______________________________________10 REM This program simulates the operation of the15 REM ribbon control system of a wheel type printer.20 REM This ribbon control system is novel in that25 REM fresh ribbon is lifted into position, between30 REM the print wheel and the paper, and fed from35 REM the supply to the take up reel, based upon40 REM the characteristics of the characters to be45 REM printed. The characteristics of the characters50 REM are: 1) The characters baseline (the lowest55 REM printing portion of the character's shape)60 REM 2) The character's height (the difference65 REM between its baseline and the highest70 REM printing portion of the character's shape)80 REM 3) The character's width (its PSM escapement)85 REM90 REM In this simulation, the printwheel petal is95 REM divided horizontally into 5 print wheel100 REM `zones`, numbered 1 to 5 from top to105 REM bottom. A character's baseline is110 REM the highest numbered zone covered by115 REM its active area (for example, a lower120 REM case "a" baseline may be zone 3 while a125 REM lower case "g", because of its decender,130 REM may have a baseline in zone 4). A135 REM character's height is equal to the number140 REM of zones covered by its printing area145 REM (for example, a lower case "a" may150 REM be one zone tall while an upper155 REM case "A" may cover 2 zones with its160 REM greater height). A character's165 REM width is equal to its PSM escapement,170 REM which is normally measured in 1/60175 REM inch (.423mm) units. In this simulation,180 REM the ribbon is divided vertically into185 REM horizontally extending 'tracks'190 REM numbered 1 to 10 from top to bottom. The195 REM ribbon tracks are as tall as a print200 REM wheel zone. The ribbon can be lifted,205 REM by the ribbon lift mechanism, to any210 REM of 16 positions, numbered 0 to 15 from215 REM lowest to highest. These ribbon lift220 REM positions allow any ribbon track to be225 REM placed in front of any print wheel zone,230 REM including the zero position where the235 REM ribbon is completely below the print wheel240 REM (visability). A fresh column of ribbon245 REM is fed from the supply reel, into position250 REM between the print wheel and the paper, and255 REM onward to the take-up spool by the ribbon260 REM feed mechanism. The ribbon feed mechanism can265 REM feed ribbon in 1/60 inch (.423mm) increments,270 REM and its operation is independent of ribbon275 REM lift. NOTE that at Power On Reset of280 REM the ribbon lift and feed system,285 REM a ribbon feed for the maximum width290 REM character (MAXW) must be performed300 REMM so that a fresh column of ribbon is305 REM available.310 REM (Variables)430 REM LA - Lift Address440 REM COL - Cumulative feed distance450 REM MAXW - Maximum width character in the active column460 REM W Character width 470 REM H Character height 480 REM B Character baseline 490 REM NXTTRK Next unused ribbon track 500 REM R(10) Array used to mark unused ribbon tracks of a column 510 REM CC Character count 520 REM530 REM Initialize variables540 LA=1:COL=0:MAXW=0:W=5:H=1:B=3:CC=0:NXTTRK=1550 DIM R(10)551 CLS552 COLOR 2,0553 KEY OFF560 FOR I=1 TO 10:R(I)=0:NEXT I:REM ZERO'SARRAY R(I)570 REM Ask the user to input the charactercharacteristics580 REM In a real system this data would be obtainedfrom a lookup table590 LOCATE 24,1 :INPUT "Enter Base, Height & Width";B,H,W600 REM Increment the running character count610 CC=CC+1620 REM Call the subroutine to calculate the new liftposition, determine if ribbon feed is required630 REM and adjust the cumulative feed distance640 GOSUB 2000650 REM Display the new system state on the screen660 REM In a real system, the subroutine would commandthe a set of electronics to manipulate the ribbon670 REM lift and feed mechanism in a manner similar680 REM to that simulated on the screen690 CLS700 REM Print Headings710 LOCATE 10,1 : PRINT "Petal":PRINT "Zone"720 LOCATE 10,25: PRINT "Ribbon": LOCATE 11,25:PRINT "Track"730 REM Petal zones covered by the character's activearea are shown flashing750 FOR I=1 TO 5760 LOCATE 10+I,8770 IF I = > B - H + 1 AND I < =B THEN COLOR 18,0780 PRINT CHR$(4B+I)790 COLOR 2,0800 NEXT I810 REM Display the character's width820 PRINT:PRINT "Width";W830 REM The ribbon is shown in its correct positionwith used tracks in reverse840 REM video850 FOR I=1 TO 9860 LOCATE 15-LA+I,20870 IF R(I)= 1 THEN COLOR 0,7880 PRINT CHR$(48+I)890 COLOR 2,0900 NEXT I901 LOCATE 15-LA+10,20910 IF R(10)=1 THEN COLOR 0,7930 PRINT "10"940 COLOR 2,0950 REM Display Variables960 LOCATE 1,25: PRINT "column = ";COL970 LOCATE 2,25: PRINT "lift = ";LA980 LOCATE 3,25: PRINT "NXTTRK = ";NXTTRK990 LOCATE 4,25: PRINT "Count = ";CC1000 REM Repeat process for next character1010 GOTO 5902000 REM Subroutine to compute the next ribbon liftposition, the widest character in the present2010 REM column and determine if ribbon feed is2020 REM required2030 REM Inputs are: NXTTRK, H,LA,MAXW,W2040 REM Outputs are: NXTTRK, LA, R(1-10), MAXW2050 REM Add the character's height to the nextavailable track number2060 NXTTRK= NXTTRK+H2070 REM Check to see if the character will fit on thepresent ribbon column2080 IF NXTTRK < = 11 THEN GOTO 22002090 REM Character will not fit on the present column,feed ribbon2100 REM In a real system, the ribbon feed electronicswould be instructed to feed ribbon at this2110 REM point2120 COL=COL+MAXW:MAXW=0:FOR I=1 TO 10:R(I)=0:NEXT I2130 REM Set NXTTRK to show used tracks of the newribbon column2140 NXTTRK=H+12200 REM Compute new lift address2210 LA=4-B+NXTTRK2220 REM In a real system, the ribbon lift electronicswould be instructed to2230 REM lift the ribbon to the position LA2240 REM condition array R(1-10) to show used ribbontracks2250 FOR I=1 TO NXTTRK-1: R(I)=1: NEXT I2260 REM Capture maximum width character in MAXW2270 IF MAXW < = W THEN MAXW = W2280 RETURN______________________________________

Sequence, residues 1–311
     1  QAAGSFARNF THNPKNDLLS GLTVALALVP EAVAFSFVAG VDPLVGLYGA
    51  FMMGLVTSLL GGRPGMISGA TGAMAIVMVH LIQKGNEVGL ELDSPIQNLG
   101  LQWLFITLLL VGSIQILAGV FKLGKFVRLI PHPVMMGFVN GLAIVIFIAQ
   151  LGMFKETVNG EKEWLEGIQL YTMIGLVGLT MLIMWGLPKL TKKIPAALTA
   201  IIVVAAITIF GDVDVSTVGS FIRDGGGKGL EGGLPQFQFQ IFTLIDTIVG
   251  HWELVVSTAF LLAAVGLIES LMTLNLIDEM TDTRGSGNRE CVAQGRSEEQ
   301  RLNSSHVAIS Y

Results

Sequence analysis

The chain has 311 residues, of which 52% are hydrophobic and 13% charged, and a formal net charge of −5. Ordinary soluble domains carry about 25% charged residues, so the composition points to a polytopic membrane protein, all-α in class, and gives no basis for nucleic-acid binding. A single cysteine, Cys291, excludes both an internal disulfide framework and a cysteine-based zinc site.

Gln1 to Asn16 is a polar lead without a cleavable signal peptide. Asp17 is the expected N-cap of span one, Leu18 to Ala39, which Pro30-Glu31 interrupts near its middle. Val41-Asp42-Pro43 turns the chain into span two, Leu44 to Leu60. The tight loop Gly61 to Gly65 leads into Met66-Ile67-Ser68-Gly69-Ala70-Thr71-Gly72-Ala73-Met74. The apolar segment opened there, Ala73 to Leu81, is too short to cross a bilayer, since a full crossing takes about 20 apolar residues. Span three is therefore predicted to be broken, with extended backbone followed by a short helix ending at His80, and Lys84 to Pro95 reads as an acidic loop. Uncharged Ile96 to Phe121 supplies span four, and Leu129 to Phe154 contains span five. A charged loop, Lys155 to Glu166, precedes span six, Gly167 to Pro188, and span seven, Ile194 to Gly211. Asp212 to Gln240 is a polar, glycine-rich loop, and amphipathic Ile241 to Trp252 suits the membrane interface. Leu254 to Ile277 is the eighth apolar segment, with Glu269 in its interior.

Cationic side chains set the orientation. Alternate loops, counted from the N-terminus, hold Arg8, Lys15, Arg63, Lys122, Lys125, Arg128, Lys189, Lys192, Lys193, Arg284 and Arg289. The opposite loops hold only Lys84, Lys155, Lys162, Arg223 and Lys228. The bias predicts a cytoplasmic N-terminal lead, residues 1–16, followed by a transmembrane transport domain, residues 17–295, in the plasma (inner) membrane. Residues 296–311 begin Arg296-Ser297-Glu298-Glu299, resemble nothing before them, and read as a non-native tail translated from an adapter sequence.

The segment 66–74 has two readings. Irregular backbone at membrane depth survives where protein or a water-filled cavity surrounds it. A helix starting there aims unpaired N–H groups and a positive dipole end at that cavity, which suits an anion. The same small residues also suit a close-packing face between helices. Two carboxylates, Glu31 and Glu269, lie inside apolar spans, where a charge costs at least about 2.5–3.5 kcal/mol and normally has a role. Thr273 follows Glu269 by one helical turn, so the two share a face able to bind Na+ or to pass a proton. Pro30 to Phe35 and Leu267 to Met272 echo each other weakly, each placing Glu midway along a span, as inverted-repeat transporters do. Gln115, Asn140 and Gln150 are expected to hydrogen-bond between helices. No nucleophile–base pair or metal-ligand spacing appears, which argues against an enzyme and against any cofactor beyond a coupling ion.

Many of the equations set forth in the basic program may be found in the flow chart of FIG. 5. The only operator input required, to make the program more flexible from an emulation standpoint, was the inputting by the operator of the base, height and width of the character to be printed. The heart of the program, after initialization, starts at line 570 through 640 and lines 2000-2280 respectively. The remaining intermediate lines are all situated in the basic program to permit an on-screen emulation of the printing of characters on the ribbon 23 and as a practical means for demonstrating maximum utilization of the ribbon 23 as it is lifted the proper amount to provide fresh ribbon 23 to a particular zone.